Post Author: Bill Pratt
When we humans make moral judgments, when we call some activity morally good or bad, we think that our judgment is universal, that it transcends time, place, and even our own human species. Let me explain each one in turn.
With regard to time, we humans believe that it is perfectly reasonable and normal for us to judge moral actions that occurred in the past. In fact, we routinely criticize the moral actions of our ancestors.
We condemn the Nazis for what they did 70 years ago. We decry American slave owners who lived 200 years ago. We excoriate ancient Romans of 2000 years ago for the unequal treatment of women. We morally reject the killing of women and children in military campaigns led by Bronze Age armies (4000 years ago).
More examples could be given, but hopefully you see the point. Most of us just naturally criticize immoral behavior, regardless of when it occurred. We believe that our judgments are timeless.
With regard to place, we humans believe that it is perfectly reasonable and normal for us to judge moral actions that occur in different places than where we live. Institutions like the United Nations simply assume that moral judgments are applicable to all member nations. There are not generally different moral standards applied to each different nation; they are all expected to uphold the same human rights.
When I, as an American living in the state of North Carolina, read about actions committed in other places in the world, I don’t hesitate to make moral judgments. When China imprisons political dissidents, I condemn them. When North Korea starves its people, I react with moral outrage.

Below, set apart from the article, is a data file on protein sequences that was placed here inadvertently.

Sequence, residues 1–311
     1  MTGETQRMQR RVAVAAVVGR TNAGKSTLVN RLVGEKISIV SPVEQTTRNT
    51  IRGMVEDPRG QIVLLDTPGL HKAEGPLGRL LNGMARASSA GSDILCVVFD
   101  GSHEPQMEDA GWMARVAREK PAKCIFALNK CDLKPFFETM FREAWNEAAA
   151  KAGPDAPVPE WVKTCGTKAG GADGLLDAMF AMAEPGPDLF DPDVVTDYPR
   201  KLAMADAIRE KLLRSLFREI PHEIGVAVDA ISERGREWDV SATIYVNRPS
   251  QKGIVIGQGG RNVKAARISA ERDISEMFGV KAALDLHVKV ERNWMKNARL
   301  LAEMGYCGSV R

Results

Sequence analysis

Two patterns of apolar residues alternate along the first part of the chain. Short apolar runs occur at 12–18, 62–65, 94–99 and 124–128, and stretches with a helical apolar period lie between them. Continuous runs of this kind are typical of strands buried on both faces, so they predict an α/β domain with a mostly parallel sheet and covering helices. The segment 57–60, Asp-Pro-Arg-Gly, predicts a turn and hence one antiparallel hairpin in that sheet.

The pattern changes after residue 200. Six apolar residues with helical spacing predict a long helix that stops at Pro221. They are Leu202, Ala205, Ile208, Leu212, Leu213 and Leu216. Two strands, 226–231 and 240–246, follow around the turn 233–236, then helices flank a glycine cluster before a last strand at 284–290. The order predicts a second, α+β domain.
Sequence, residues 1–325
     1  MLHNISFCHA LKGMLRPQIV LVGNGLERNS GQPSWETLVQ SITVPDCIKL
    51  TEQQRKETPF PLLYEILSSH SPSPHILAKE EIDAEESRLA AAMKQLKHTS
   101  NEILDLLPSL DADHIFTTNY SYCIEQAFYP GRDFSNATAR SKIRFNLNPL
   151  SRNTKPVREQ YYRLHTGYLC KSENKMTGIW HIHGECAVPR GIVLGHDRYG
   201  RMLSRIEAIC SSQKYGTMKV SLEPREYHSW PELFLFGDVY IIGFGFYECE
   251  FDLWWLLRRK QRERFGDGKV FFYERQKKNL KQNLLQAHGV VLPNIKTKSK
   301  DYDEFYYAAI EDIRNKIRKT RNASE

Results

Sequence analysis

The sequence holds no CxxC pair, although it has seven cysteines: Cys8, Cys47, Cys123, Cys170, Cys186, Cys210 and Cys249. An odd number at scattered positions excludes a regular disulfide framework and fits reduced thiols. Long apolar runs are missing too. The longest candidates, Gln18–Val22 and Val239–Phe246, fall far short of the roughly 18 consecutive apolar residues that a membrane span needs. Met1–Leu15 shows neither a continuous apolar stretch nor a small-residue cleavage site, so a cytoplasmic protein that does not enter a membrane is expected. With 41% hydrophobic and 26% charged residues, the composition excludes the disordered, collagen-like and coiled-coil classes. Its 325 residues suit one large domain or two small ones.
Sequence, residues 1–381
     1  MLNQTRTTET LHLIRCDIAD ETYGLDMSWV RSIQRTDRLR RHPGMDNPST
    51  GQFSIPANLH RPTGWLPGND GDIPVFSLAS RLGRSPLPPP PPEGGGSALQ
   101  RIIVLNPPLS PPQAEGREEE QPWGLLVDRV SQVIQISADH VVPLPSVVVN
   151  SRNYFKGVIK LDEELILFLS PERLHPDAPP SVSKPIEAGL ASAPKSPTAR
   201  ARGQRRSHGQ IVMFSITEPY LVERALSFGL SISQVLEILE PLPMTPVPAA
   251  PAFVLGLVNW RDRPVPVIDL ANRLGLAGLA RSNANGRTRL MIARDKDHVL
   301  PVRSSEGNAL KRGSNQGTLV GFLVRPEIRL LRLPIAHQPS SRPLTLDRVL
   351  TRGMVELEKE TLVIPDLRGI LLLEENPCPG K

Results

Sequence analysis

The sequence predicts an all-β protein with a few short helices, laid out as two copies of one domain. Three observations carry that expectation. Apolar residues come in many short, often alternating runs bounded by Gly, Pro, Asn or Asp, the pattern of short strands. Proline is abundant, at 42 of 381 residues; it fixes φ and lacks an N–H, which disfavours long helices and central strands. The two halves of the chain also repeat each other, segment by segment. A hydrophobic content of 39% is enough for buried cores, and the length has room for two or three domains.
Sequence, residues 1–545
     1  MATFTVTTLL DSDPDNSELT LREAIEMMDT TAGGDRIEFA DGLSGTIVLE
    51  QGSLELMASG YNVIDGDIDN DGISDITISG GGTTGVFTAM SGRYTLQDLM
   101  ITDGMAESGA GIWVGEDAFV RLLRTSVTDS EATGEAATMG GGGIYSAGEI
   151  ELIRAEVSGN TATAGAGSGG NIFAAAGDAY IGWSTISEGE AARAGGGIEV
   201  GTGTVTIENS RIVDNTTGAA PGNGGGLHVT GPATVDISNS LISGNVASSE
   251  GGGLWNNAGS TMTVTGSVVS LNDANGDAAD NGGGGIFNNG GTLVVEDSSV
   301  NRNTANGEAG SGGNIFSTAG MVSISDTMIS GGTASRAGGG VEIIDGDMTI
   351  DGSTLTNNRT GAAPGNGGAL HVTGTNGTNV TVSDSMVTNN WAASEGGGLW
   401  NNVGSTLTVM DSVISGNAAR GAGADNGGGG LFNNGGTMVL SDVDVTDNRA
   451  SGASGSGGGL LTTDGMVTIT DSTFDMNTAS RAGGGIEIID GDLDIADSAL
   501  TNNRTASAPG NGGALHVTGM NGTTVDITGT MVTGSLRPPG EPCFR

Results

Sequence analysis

Where an immoral action occurs is simply not normally taken into consideration by most of us. Murder and rape are wrong no matter where they occur.
With regard to our species, we humans believe that it is perfectly reasonable and normal for us to judge the moral actions of creatures with intellect and free will, but which are not human – beings who do not share a human nature with us.
Throughout human history, gods, angels, demons, and spirits have all been subjected to moral rebuke. The ancient Greeks routinely judged the acts of their pantheon of gods as moral or immoral. Christians have always praised the moral activity of angels and condemned the moral activity of demons. Non-Christian skeptics routinely denounce the alleged immoral activity of the Christian God.
Leaving aside gods, it also seems natural that we would hold alien beings who are intelligent and possess free will to our moral standards. Imagine that an intelligent alien race landed on earth and began herding together humans so that they could be used as slaves. Would we not condemn this activity as immoral?
The sci-fi genre has played on this assumption for decades. There have been countless books and movies that portray hostile alien beings inflicting damage on human beings. When those aliens are portrayed as intelligent beings capable of exercising free will, the human characters almost always morally rebuke the actions of the alien beings.
It seems, then, that our human moral judgments are routinely applied to intelligent, free beings that are non-human.
In part 2, we will pick up the argument from here. We will look at how our every-day moral judgments demand a transcendent set of moral values.